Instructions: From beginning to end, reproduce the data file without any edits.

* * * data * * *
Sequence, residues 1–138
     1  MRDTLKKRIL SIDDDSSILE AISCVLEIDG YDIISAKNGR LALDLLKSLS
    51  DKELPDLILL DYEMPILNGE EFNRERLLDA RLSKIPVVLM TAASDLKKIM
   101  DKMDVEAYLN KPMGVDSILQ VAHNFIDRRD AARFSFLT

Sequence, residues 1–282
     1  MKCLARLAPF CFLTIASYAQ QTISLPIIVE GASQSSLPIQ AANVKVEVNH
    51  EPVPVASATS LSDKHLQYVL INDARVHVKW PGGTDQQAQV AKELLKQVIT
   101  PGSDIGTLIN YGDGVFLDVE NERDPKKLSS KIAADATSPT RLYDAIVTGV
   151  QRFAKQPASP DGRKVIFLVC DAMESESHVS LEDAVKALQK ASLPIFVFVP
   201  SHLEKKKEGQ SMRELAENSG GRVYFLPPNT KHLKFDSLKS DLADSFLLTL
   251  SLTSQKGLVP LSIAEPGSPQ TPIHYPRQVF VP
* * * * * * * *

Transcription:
Sequence, residues 1–138
     1  MRDTLKKRIL SIDDDSSILE AISCVLEIDG YDIISAKNGR LALDLLKSLS
    51  DKELPDLILL DYEMPILNGE EFNRERLLDA RLSKIPVVLM TAASDLKKIM
   101  DKMDVEAYLN KPMGVDSILQ VAHNFIDRRD AARFSFLT

Sequence, residues 1–282
     1  MKCLARLAPF CFLTIASYAQ QTISLPIIVE GASQSSLPIQ AANVKVEVNH
    51  EPVPVASATS LSDKHLQYVL INDARVHVKW PGGTDQQAQV AKELLKQVIT
   101  PGSDIGTLIN YGDGVFLDVE NERDPKKLSS KIAADATSPT RLYDAIVTGV
   151  QRFAKQPASP DGRKVIFLVC DAMESESHVS LEDAVKALQK ASLPIFVFVP
   201  SHLEKKKEGQ SMRELAENSG GRVYFLPPNT KHLKFDSLKS DLADSFLLTL
   251  SLTSQKGLVP LSIAEPGSPQ TPIHYPRQVF VP